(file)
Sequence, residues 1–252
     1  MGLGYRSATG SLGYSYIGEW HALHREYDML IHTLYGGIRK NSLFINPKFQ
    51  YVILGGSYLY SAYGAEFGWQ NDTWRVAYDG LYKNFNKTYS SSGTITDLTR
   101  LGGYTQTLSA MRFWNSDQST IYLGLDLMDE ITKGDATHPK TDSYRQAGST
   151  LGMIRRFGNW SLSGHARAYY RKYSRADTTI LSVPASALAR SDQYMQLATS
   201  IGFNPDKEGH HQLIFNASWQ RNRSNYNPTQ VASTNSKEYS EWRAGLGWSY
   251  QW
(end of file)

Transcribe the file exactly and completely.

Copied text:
Sequence, residues 1–252
     1  MGLGYRSATG SLGYSYIGEW HALHREYDML IHTLYGGIRK NSLFINPKFQ
    51  YVILGGSYLY SAYGAEFGWQ NDTWRVAYDG LYKNFNKTYS SSGTITDLTR
   101  LGGYTQTLSA MRFWNSDQST IYLGLDLMDE ITKGDATHPK TDSYRQAGST
   151  LGMIRRFGNW SLSGHARAYY RKYSRADTTI LSVPASALAR SDQYMQLATS
   201  IGFNPDKEGH HQLIFNASWQ RNRSNYNPTQ VASTNSKEYS EWRAGLGWSY
   251  QW